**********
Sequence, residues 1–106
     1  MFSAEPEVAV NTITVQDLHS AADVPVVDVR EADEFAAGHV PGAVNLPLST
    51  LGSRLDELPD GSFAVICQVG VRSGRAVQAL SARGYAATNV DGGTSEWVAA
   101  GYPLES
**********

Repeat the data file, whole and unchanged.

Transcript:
Sequence, residues 1–106
     1  MFSAEPEVAV NTITVQDLHS AADVPVVDVR EADEFAAGHV PGAVNLPLST
    51  LGSRLDELPD GSFAVICQVG VRSGRAVQAL SARGYAATNV DGGTSEWVAA
   101  GYPLES